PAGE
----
Ships and containers in Asia have been restricted by the week-long blockage of the Suez Canal, leading to a sharp rise in immediate shipping rates for containers on popular shipping routes such as Europe and the United States, and continued congestion at ports.
Port congestion continued into the third quarter
At a briefing last week for Herberot, the world's fifth-largest shipping company, CEO Rolf Habben Jansen said he expected the container market to remain congested until the third quarter.
"Not only in the United States, but many ports in Europe and Asia, to some extent, have congestion, which means that at the moment, shipping companies actually need a lot of ship capacity to carry the same number of containers." Habben Jansen says.
"Simply put, for each service, if you want to continue providing a weekly service, you will need one or two more ships, depending in part on whether it goes to the US or Europe. Of course, we are also seeing a reduction in some port capacity because there are labor shortages or restrictions related to the outbreak in many places." "He added.
Jansen further explains that short-term shipping rates have soared due to the crowded market and high demand.
Price hikes on all airlines!
As of last week, the effects of the week-long blockage in the Suez Canal were beginning to be felt, with "significant increases" in spot rates for shipping containers to and from Asia to Europe and the US.
On the trans-Pacific trade route, the Freightos Baltic Exchange (FBX) index from Asia to the west coast of the US rose 4% last week to $5,375 /FEU, up 251% from a year ago.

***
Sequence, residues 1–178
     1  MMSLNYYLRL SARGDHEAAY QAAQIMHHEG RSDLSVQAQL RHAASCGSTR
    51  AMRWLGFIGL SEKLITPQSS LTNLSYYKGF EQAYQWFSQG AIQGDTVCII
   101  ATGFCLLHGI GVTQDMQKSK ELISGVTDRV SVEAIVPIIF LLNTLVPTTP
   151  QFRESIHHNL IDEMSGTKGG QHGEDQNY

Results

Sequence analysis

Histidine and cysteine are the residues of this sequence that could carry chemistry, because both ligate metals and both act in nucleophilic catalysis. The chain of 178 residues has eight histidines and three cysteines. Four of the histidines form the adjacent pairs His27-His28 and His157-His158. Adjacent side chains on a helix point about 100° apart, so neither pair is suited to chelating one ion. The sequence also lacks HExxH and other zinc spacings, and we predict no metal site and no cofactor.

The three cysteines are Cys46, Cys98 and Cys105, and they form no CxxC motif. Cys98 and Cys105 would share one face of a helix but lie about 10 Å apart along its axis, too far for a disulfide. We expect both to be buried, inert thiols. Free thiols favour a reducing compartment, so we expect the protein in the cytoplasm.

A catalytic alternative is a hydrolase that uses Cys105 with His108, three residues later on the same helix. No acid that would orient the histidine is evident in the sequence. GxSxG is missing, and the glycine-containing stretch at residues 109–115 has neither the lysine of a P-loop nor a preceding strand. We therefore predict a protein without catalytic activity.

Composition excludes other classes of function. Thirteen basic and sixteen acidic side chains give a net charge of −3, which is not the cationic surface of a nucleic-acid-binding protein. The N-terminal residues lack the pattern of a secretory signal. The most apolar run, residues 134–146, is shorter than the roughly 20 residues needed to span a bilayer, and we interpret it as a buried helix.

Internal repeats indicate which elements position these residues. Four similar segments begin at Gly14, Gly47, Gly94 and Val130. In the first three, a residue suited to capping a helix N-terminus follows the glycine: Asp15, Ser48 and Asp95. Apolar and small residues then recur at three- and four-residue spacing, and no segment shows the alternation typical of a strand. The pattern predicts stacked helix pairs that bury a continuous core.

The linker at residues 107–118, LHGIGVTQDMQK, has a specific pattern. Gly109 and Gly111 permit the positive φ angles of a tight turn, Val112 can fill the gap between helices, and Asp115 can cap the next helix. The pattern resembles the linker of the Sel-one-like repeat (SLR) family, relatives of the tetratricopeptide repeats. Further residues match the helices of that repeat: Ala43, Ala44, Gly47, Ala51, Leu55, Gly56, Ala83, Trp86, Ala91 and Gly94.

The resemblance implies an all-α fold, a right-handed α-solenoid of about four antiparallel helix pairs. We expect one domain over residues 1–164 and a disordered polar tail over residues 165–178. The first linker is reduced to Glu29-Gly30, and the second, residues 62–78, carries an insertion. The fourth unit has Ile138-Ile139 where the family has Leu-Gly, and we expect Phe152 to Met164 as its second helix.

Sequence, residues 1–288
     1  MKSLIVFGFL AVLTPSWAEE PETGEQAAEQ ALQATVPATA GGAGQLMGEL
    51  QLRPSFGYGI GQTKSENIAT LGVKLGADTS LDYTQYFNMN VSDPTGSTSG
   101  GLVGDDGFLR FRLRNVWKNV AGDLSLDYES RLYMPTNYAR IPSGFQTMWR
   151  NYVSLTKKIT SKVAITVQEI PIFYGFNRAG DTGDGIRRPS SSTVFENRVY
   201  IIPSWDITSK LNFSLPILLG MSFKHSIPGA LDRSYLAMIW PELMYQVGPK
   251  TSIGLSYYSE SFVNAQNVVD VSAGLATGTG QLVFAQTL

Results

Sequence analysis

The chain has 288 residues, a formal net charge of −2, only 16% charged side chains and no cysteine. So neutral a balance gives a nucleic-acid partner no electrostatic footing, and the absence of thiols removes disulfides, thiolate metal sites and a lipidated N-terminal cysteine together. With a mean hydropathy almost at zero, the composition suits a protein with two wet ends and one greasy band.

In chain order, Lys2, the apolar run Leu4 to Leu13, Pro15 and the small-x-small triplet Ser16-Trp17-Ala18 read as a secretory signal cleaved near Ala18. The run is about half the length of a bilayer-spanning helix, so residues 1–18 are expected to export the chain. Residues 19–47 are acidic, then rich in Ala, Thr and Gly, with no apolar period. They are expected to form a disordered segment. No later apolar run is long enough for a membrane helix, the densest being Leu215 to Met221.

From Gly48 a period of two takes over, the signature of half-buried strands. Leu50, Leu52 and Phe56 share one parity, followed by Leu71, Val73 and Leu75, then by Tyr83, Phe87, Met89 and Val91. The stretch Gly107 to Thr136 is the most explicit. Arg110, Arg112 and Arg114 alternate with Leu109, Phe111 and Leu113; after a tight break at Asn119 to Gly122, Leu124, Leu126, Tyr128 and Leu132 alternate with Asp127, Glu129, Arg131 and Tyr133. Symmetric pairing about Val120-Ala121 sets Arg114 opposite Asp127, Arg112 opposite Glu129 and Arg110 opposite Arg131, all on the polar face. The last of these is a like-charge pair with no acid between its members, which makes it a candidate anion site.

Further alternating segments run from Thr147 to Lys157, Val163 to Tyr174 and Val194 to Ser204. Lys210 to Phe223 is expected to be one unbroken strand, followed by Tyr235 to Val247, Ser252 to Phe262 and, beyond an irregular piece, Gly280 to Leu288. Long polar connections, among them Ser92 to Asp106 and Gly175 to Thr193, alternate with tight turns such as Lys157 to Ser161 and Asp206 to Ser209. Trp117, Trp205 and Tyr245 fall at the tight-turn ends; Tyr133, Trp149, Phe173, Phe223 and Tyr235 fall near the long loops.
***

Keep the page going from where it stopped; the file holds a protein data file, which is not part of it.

The Ningbo Container Freighting Index (NCFI) for the Nordic and Mediterranean region surged 8.7% last Friday, almost in line with Shanghai's base freight to Europe (SCFI) rate of US $3,964 /TEU, up 8.6% from the previous period. "Shipping lines have collectively pushed up rates for April, with booking prices rising sharply," NCFI commented.
For Persian Gulf routes, the last SCFI rate (sea freight and sea surcharge) is US $1624 /TEU, an increase of 8.0% compared with the last SCFI rate.
For South America routes, the last SCFI freight rate (sea freight and sea surcharge) is USD7155 /TEU, 3.8% higher than the last SCFI rate.
Balance between supply and demand
While Heberot's CEO sees congestion in Europe through roughly the third quarter and in the U.S. through the end or beginning of the second quarter, he still thinks supply and demand will look good in 2021 and 2022.
Habben Jansen said: "I would say that when you look at 2021 and 2022, the development of supply and demand actually looks quite balanced. It also means that when the surge in demand returns to normal, we will return to normal."
Asked if abnormal markets could continue into the fourth quarter, he said: "I think one of the things we've learned over the last 12 months is never say never. I think now, given underlying demand, the peak we're seeing in the late second half of 2020 is likely to flatten out. We just need to address these congestion-related issues now and hopefully we'll be able to do that in the next few months."